An important secret about this game is that another person, who has also worked with different AAA games and studios from me, contributed a lot to the story as well. That person has to remain anonymous, but he deserves credit too! The Writer Will Do Something is borne out of all of those experiences put together.
You have very witty writing and fantastic humor. The Writer Will Do Something reads like something Douglas Coupland or Tom Bissell would write. Why did you choose the interactive format and not a classical bookish story?
I do write conventional linear fiction also. In the case of this particular story, the interactive format makes it feel a little more immediate, forcing you to make the choices. It’s one thing in a book to say some character had these choices, but it’s another to make the reader actually have to pick one of those choices themselves. Of course, none of the choices are particularly appealing, but the fact that it’s presented that way makes it more real and more stressful.
Apart from being incredibly cynical, funny and engrossing The Writer Will Do Something also pulls out all those things we hate about modern big budget game development. What do you think is the main problem with big AAA gamedev right now? Maybe is the producer-marketing oriented culture? Maybe we should think less product and more game?
This is just my personal feeling, but AAA game studios should think about the health of their workers. Meaning not just physical health, but mental health as well. It can be tough, exhausting, and stressful to work on these projects for many years in a row, and simply giving out crew t-shirts or having a company party isn’t enough. Let’s take more active and better care of game developers.
I loved how you described the people in the room. One would think that making a game is a job of dreams, sort of movie making but better. Why do people get in this catastrophic state while making games? What turns them from enthusiasts into these hollows (forgive my Dark Souls pun)? Is this the problem of the production hell?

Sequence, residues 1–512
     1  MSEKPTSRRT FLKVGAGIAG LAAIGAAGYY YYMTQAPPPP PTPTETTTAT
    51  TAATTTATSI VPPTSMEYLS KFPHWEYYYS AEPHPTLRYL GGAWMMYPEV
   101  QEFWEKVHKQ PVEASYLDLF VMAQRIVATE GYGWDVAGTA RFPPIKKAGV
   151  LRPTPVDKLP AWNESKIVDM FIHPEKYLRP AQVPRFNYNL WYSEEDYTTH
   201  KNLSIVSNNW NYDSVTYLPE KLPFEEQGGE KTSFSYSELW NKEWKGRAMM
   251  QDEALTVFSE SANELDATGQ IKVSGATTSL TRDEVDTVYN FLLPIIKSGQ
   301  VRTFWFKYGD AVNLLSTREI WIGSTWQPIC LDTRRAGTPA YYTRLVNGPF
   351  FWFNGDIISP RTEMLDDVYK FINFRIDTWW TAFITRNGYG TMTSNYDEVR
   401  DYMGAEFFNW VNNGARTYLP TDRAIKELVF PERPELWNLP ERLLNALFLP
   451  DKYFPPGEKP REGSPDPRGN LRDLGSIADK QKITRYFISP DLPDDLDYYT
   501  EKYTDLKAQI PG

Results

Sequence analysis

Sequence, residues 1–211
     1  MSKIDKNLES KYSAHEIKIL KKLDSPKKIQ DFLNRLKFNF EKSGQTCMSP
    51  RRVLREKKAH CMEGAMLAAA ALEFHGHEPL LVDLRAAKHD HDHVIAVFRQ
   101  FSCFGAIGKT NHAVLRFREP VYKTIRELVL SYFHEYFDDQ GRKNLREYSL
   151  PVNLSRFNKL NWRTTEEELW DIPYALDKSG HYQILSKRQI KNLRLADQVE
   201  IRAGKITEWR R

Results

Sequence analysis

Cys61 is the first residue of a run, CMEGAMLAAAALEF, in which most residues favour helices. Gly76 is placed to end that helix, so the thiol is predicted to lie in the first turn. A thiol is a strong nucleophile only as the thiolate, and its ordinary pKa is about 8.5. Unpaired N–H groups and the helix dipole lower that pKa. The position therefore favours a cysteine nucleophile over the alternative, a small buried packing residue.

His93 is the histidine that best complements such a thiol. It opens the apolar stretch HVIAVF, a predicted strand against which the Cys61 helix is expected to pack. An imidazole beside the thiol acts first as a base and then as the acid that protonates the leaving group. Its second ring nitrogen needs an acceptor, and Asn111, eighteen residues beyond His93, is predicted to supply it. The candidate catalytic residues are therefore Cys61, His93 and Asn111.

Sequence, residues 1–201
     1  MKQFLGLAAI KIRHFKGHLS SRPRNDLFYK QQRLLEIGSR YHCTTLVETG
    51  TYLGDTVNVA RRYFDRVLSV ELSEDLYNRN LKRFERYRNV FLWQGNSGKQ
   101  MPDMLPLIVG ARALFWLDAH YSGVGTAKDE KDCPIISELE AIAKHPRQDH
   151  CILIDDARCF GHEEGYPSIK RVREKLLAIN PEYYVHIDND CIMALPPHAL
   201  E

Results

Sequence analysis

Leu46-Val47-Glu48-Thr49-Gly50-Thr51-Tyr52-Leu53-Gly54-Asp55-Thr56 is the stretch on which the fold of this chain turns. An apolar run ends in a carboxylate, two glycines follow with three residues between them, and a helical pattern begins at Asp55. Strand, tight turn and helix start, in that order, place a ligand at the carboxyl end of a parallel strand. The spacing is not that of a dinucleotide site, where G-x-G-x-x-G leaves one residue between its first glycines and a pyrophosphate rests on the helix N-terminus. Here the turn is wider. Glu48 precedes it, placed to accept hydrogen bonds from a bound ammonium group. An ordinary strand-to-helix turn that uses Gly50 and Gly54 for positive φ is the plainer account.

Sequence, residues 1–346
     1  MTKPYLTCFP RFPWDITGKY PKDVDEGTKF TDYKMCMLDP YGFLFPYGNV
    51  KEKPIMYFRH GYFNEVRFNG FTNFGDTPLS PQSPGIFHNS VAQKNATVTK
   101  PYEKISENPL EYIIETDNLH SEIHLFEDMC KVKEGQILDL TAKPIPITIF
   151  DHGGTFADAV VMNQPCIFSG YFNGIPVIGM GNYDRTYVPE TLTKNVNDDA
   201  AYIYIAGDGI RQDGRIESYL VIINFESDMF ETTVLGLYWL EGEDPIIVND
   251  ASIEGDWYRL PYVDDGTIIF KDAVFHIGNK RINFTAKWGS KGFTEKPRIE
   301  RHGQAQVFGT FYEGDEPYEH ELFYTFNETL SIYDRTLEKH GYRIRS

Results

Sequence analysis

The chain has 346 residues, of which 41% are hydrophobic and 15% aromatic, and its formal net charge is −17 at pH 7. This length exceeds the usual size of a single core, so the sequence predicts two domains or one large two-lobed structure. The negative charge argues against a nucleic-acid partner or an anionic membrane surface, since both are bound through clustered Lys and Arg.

The story is like a concentrated version of all the pressure and frustration that comes with long hours and difficult tools. Crunching for long periods of time, laboring away on a something that doesn’t seem to have much point – those are the things that really make people shells of their former selves. It’s what happens when people are constantly tired, frustrated, and having trouble maintaining perspective. More than that, they’re afraid: huge amounts of money are on the line and the path isn’t clear how what they’re doing now will turn into the awesome game they need it to be.
You mention a lot of games like Minecraft, like Dark Souls during The Writer Will Do Something story, so I guess you’re a little bit optimistic about big games finding the right user and earning money. There are cool, innovative games after all. Not just ShatterGate all over. So let’s play a little time-machine game: what do you think will happen with gamedev in 10 years? Will we still have Steam? Will there be more/less indie teams self-publishing their products? How will the game development change?
I’m not good at predicting the future, but the game industry is fundamentally an entertainment industry. So I think we’ll see cycles of what seems like people doing the same thing over and over, punctuated once in a while that seems genuinely fresh, new, and interesting. Then that thing will get copied, and things will settle somewhat until the next breakout hit happens and surprises people all over again. That’s a nice thing about game development. It’s not always as creative as you might like. But it does happen.